I don't want to read what the code does (I can read that myself, thanks!), I want to know WHY it does it the way it does it - especially, if there is a more obvious, better way.

Also: People leave companies. Or die. At some point in time, you won't be able to ask the original author.


No thanks. If I had a dime for every function that's so obviously self-documenting to what it does.. etc. If you tell others what it does and why, concisely and thoughtfully, no one has to try and mentally parse the what of some clever undescriptive block of code.


"You spent an enormous amount of time learning X, which is encoded in this three-letter bugfix. Don't make the next person go through that too."


On the other end of the spectrum you get ImageMagick useless commit messages[0].

That extreme aside, I'd rather have commit messages that delve into the why-and-how the commit alters the behavior to the better rather than cryptic message as 'Replace invalid ASCII char'. Now we have documented reasoning and thought process that can aid future debugging. They can also be beneficial for new devs hacking on the project, or students learning how to implement and improve systems.

Personally, I enjoy reading these. The Go commits often have commit messages like these, and they are shared on HN often for a reason. They're learning material. They can't go on a wiki because they're tied to particular set of changes in a particular point in history. They also can't be comments on the code because they're tied to particular lines in different files, and code comments can only cover a set of consecutive lines in one file.

One recent example I could find is this[1]. Yeah, it fixes ^Z, but why didn't the old approach work? Why did it work for some time then didn't? How did it change? Why is this commit optimal, if it is? All of this along with scenarios to reproduce the issue.

Give me your life story anytime over cryptic message.

[0] https://github.com/ImageMagick/ImageMagick/commits/master

[1] https://github.com/golang/go/commit/610d522189ed3fcf0d298609...


Agreed. When at some point the website that they are pointing to changes in the future they will lose all context on why a change was made.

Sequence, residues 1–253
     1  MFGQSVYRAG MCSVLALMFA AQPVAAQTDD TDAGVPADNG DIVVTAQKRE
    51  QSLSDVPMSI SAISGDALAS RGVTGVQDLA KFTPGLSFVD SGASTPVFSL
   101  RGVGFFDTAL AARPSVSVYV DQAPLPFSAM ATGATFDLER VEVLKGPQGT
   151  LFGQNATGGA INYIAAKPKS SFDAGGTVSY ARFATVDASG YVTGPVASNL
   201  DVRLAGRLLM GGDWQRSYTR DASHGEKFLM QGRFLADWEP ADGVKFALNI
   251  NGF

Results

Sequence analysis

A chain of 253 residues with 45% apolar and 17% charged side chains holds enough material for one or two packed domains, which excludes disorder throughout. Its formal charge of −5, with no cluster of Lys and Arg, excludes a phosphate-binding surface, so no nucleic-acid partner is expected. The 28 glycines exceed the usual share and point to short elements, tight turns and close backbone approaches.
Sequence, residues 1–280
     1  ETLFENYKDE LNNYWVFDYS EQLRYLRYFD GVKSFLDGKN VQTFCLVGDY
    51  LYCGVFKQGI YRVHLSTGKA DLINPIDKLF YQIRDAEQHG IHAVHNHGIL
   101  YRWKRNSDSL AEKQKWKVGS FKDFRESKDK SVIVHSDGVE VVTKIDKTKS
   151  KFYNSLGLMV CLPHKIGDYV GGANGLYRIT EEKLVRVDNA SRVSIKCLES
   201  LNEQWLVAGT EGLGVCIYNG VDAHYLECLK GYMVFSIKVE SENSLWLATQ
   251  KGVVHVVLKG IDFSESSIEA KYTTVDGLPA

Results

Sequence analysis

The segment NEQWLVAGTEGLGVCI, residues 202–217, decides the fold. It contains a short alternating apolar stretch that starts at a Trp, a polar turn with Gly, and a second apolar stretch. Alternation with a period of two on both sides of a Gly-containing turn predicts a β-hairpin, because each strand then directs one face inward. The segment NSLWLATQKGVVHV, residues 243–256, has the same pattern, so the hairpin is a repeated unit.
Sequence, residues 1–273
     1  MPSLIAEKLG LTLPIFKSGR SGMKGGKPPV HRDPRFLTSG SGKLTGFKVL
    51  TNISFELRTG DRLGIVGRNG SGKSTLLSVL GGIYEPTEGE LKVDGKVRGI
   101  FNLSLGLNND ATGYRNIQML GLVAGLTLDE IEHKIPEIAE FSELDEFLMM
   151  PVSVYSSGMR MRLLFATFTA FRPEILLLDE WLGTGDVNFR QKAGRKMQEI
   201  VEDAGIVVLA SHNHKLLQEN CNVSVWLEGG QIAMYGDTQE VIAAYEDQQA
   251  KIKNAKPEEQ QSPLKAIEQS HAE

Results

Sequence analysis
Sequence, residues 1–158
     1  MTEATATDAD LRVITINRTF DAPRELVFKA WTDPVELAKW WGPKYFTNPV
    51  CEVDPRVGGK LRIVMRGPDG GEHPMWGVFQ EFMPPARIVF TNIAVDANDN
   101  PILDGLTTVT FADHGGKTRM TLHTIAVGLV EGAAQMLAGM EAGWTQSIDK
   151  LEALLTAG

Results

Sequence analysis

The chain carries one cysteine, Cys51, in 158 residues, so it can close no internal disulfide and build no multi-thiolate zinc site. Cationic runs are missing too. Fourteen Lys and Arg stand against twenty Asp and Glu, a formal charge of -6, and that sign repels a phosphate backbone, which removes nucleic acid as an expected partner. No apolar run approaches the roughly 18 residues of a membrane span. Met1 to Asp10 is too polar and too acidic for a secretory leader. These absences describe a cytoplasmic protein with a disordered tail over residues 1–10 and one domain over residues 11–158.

I believe in the "plane flying across the ocean without WiFi test" or basically anywhere without Internet access. If I am on a plane flying across the ocean without WiFi, do I have the information in the git commit to understand what happened. A git message that consists entirely of a link to a website is useless in that case.


You can write the brief summary in the first 80 characters, like OP did. Then write details in the body below, in case someone needs the context. Most tools display only the first 80 characters unless you expand the body.

This case is probably longer than necessary, but I've saved a day of debugging on multiple occasions due to someone (also myself) leaving some lines of context, reasons and reasoning after the high-level description.


> I don't want your entire life story in my commit log.

Why not? Where else do you want it? Is something forcing you to read the full commit log?

There's no length limit on commit messages and commit messages are mostly out of the way. Most VCSes have a way to only show you the first line. So if you want summaries, that's what the first line is for. If you want the full story, that's what the body is for.

Combined with annotate/blame, commit messages can be very helpful source-level documentation. Nobody has ever complained about too much documentation, and commit messages are the perfect time to document what happened because it's one of the few times where our tools actually force us to write something in order to proceed. As long as we're being forced to write something, write something good and informative.


I think the problem isn't the length or content of the commit message, but its organization. It needs to have the most important information first. It reads as an "entire life story" because it is written in a narrative, sequential form. Better organization would make it skimmable, and later coders could only read as far as they need to.


If I'm searching commits, I'm trying to find record of what changed and when. I only want clues, and quick skimming is paramount. I want no personality. I want concise descriptive commit messages.

That said, we reference an ID from our project management software with every commit, so once I find the commit I'm looking for, I can reference it back to external documentation. I still discourage personality there as well because it can get out of hand and clutter the comments, but it's more forgivable than being on the commit itself.